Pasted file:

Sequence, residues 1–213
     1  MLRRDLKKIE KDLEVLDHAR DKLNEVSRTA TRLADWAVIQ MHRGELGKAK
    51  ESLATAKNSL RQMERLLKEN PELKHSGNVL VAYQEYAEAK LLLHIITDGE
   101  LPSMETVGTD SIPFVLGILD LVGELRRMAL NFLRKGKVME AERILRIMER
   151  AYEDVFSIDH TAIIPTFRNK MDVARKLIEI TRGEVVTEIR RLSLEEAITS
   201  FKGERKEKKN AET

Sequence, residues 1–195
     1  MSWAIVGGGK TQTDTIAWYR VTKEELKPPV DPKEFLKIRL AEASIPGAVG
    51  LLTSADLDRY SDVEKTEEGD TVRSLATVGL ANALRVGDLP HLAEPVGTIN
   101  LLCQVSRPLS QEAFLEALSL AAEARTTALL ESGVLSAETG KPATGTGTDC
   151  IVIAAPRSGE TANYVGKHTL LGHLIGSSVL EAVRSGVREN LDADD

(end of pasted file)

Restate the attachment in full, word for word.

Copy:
Sequence, residues 1–213
     1  MLRRDLKKIE KDLEVLDHAR DKLNEVSRTA TRLADWAVIQ MHRGELGKAK
    51  ESLATAKNSL RQMERLLKEN PELKHSGNVL VAYQEYAEAK LLLHIITDGE
   101  LPSMETVGTD SIPFVLGILD LVGELRRMAL NFLRKGKVME AERILRIMER
   151  AYEDVFSIDH TAIIPTFRNK MDVARKLIEI TRGEVVTEIR RLSLEEAITS
   201  FKGERKEKKN AET

Sequence, residues 1–195
     1  MSWAIVGGGK TQTDTIAWYR VTKEELKPPV DPKEFLKIRL AEASIPGAVG
    51  LLTSADLDRY SDVEKTEEGD TVRSLATVGL ANALRVGDLP HLAEPVGTIN
   101  LLCQVSRPLS QEAFLEALSL AAEARTTALL ESGVLSAETG KPATGTGTDC
   151  IVIAAPRSGE TANYVGKHTL LGHLIGSSVL EAVRSGVREN LDADD